7 responses

  1. Meredith

    I am so sad to read about the death of SPC Jenkins. It is so painful how many lives are cut short and how many families lose loved ones. I’m going to keep his mom and his team in my prayers.

    29 October 10 at 18:42

  2. Cam Srpan

    May he rest in peace and be honored for giving his life for our country.

    30 October 10 at 00:53

  3. Colleen J Frederick

    This story really touches me. My Son is currently at FOB Wilson. My heart goes out to this family. Thank you for sharing this story.

    30 October 10 at 01:08

  4. Irene Clark

    A little bit of our American fiber dies every time one of our soldiers meets an untimely death. No matter how much we wish we could change it…death is final. At least on this side of heaven. But, we can hold onto the hope that loved ones didn’t die in vain and that somehow we will meet again in God’s eternal bliss. Bitterness won’t empower us and we will struggle to lay it to rest. We continue to pray, we continue to hope for better relationships with all nations; so that they and us can enjoy peace. Rest in peace SPC Jenkins. Without you we suffer a great loss.

    30 October 10 at 22:41

  5. Nina

    The fallen all deserve to be remembered!

    30 October 10 at 23:12

  6. I heard it on NPR this week. I pulled over, stopped the car and listened. Obviously, it hit me hard as well. News of this kind always does –does not matter whether or not I knew him, I’m at the age where every person who serves (including contractors) might as well be my kid.
    I’m awfully glad you got to meet him, Rajiv. Fate made your meeting him a necessity. The two of you were meant to touch base so that you could write that he had a great smile, and that he was also intelligent. This memory will give his family a lot of comfort in the upcoming weeks when things are quiet and the hubbub has drifted away.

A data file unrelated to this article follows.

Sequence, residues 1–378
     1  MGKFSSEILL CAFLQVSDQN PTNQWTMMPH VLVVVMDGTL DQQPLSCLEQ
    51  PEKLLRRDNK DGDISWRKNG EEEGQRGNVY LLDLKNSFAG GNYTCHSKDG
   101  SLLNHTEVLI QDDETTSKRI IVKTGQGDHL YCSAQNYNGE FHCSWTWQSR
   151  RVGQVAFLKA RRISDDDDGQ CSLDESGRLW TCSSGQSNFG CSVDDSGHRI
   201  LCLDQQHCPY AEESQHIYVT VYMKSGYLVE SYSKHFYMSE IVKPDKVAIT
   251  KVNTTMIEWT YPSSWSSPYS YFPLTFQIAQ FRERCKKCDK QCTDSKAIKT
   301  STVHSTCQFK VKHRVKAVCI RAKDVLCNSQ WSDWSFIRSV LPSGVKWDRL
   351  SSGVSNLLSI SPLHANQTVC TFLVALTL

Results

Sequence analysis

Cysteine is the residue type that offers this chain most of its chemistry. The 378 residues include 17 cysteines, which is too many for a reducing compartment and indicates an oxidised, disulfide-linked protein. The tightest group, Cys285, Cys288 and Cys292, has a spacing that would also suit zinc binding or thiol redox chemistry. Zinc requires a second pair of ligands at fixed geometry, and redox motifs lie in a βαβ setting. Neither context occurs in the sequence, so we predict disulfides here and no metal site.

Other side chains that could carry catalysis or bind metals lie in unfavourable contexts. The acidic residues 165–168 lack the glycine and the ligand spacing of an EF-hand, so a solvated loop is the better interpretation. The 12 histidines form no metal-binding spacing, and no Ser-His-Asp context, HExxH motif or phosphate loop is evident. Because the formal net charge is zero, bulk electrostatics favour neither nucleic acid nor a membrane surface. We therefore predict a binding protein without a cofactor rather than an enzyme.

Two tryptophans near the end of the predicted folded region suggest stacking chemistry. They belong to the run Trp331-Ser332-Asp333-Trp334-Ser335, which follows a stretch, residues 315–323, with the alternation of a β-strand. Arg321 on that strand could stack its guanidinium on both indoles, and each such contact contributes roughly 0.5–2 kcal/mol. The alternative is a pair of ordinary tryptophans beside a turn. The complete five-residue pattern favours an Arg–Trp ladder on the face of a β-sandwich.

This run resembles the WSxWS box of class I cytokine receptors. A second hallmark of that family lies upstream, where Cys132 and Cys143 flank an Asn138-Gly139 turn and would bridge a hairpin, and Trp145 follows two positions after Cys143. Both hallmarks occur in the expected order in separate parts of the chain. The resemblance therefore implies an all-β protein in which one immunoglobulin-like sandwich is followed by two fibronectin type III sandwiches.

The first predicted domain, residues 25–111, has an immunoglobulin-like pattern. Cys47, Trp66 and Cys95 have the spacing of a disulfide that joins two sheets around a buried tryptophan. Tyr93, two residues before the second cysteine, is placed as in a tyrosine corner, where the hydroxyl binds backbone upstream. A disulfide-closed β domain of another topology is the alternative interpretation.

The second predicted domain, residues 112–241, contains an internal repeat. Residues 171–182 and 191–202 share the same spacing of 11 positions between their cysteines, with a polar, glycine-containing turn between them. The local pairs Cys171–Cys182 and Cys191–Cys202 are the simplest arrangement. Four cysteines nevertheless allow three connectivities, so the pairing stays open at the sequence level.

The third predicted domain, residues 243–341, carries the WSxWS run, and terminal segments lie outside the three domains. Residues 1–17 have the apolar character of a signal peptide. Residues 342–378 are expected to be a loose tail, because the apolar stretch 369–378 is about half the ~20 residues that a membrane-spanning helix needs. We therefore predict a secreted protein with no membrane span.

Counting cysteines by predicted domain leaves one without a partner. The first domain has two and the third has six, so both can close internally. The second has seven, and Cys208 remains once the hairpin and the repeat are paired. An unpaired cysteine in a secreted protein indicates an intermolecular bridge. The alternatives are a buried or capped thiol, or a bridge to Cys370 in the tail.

It does pain me that he was so young. I love these young enlisted guys. They could do so many other things –get jobs, find girlfriends, hang out, and yet they made a choice to take the toughest assignment of all: a soldier. I wish he had more experiences in his young life. But he didn’t. So it’s up to us to make sure we live our lives with well and with kindness, to carry on in their names.

    31 October 10 at 00:00

  7. Brandon

    I served with Jenkins and I was there when he took the fall. He was a great man and my Bestfriend. The tour is coming to and end now. And i think back to the day his life was takin from him…It doesnt seem fair. He was very Positive about the war he always said Im not worried about nothing I know Im going home. HE would also say when he was a Driver man i hope taliban come from around the mountain I’m opening my door and just firing. He Loved the army with a Passion. He was getting ready for leave as well and was excited about seeing his family who he hadnt been able to see in years. I Had some great memeroies with jenkins “Leeroy” which was his nickname. Memeroies of when we both showed up to ft campbell together. Me and jenkins went to basic together same platoon and company. Finished basic and both went to the 101st abn, and then both went to the same company and platoon. I miss the man. He is deffently someone I want my son to know all about and one day i will take my son to visit his resting place.

    5 April 11 at 19:40